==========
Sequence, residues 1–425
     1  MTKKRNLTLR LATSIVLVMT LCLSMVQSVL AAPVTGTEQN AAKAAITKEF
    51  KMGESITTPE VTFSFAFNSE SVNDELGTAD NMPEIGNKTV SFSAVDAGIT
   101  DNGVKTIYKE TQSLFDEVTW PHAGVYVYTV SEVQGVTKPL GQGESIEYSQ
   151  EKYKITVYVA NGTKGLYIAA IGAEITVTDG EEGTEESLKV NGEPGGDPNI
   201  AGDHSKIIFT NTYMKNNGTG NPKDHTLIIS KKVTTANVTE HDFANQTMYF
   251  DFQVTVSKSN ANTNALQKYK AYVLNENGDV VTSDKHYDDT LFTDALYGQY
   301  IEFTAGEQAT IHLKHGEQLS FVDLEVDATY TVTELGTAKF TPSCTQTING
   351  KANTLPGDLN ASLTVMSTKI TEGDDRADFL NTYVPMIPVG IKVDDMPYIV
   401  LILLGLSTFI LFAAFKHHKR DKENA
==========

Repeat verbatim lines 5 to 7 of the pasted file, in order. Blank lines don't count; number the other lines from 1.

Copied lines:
   151  EKYKITVYVA NGTKGLYIAA IGAEITVTDG EEGTEESLKV NGEPGGDPNI
   201  AGDHSKIIFT NTYMKNNGTG NPKDHTLIIS KKVTTANVTE HDFANQTMYF
   251  DFQVTVSKSN ANTNALQKYK AYVLNENGDV VTSDKHYDDT LFTDALYGQY